Should I Get A Dog For My Son Or Daughter? – Dog Training – Dog Trainer – Behaviorist
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I received a student referral one summer, several years ago, for a family that had just purchased an 8 week old, yellow Labrador Retriever. It’s very cool when I get referrals, and I love working with Labs. They are great family dogs, and they make a terrific first dog if you’ve never owned a dog.
When I met with them, they were very excited to get this new fluff ball. She was sweet, playful, just wonderful in all ways. The mom told me she purchased the dog for her 14 year old daughter who had been wanting a dog for a while. I laid out the plan for training this puppy – house training, manners, socialization, and when the puppy turned 16 weeks old: obedience training. It started out well for the first month. Then, at 12 weeks of age, they decided to leave the country on a vacation. The dog was too young to be boarded, so I took the dog in with me for about 3 weeks, continuing the house training, manners and socialization. When they got back, I showed them all that I’d done, that I wasn’t having accidents in my home, all that she had learned, and so forth.
Then, a week later, another thing happened. The girl started up school… starting at 7 am, then doing after school activities, and not getting home until after 7 pm. Unfortunately, this is where things started going downhill. They stopped doing what I said needed to be done, and started locking this dog up in the laundry room. This pup had nothing to do, and the parents didn’t take the puppy anywhere or even take her outside to potty. So, when she started chewing on cabinets… they spanked her. When she ate socks left in the laundry room… they spanked her. When she gnawed on the walls… they spanked her. And when she pottied in the home… they spanked her. I said that the parents needed to take over when the daughter was at school, but they refused. They said they got the dog for their daughter, and that it was her responsibility. I tried to explain that 12 hours was too long for any puppy to be left unsupervised like that, and that the punishments were unfair and harsh. So, they decided to build an outdoor kennel for her.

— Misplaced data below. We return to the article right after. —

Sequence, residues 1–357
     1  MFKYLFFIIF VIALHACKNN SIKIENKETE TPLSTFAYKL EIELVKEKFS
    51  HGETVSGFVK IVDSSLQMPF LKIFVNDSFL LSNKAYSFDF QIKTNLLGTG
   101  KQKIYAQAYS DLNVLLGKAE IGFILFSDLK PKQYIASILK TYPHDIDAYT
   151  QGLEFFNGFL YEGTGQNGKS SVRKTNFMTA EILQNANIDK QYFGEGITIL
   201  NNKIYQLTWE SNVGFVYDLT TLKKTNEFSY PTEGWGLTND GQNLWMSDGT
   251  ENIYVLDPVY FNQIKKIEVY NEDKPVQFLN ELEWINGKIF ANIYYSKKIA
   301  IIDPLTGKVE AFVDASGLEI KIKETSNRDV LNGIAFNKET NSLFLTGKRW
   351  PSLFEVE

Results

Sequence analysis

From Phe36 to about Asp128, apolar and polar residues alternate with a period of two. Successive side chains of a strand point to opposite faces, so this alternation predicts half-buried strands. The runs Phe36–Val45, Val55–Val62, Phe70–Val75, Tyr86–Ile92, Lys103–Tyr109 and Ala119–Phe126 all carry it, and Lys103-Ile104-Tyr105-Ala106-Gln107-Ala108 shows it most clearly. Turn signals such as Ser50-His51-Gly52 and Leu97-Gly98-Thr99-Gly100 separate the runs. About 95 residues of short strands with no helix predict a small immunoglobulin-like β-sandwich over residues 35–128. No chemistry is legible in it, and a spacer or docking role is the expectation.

I tried for weeks to work with them, now coming over daily to walk, socialize and potty the dog. I went overboard trying to fill in the gaps. I’ve made this mistake before… trying to do what some other person should be doing… just because I felt sorry for a dog. I finished the obedience training, and the dog trained well. But the home life didn’t change. I then didn’t see them for over 6 months. When the dog was about a year or so old, I got a call about the dog continuing to chew up the home, get into things, and pottying in the home. I went over to see her. A big argument blew up between the mom and the daughter about the care of the dog. Again, I tried to explain that when the daughter was gone, the dog needed the adults to take over. That didn’t seem to be heard.
I offered to adopt the dog from them, to take the dog off their hands, and keep her as my own dog. They didn’t want to do that, either. I saw her a few months later, she was now living outside in a poorly built kennel, with all the same problems, and now the dog was much more inhibited and acted as if she had never been trained. I had to just walk away from the situation. I couldn’t look back. When they called, I told them I was so busy, I couldn’t fit them in. I didn’t know what else to do. Starting a big argument wasn’t going to change what was happening. It’s been many years now, and this dog has now probably passed over the Rainbow Bridge. I think of her from time to time.
Should you get a dog for your son or daughter? You tell me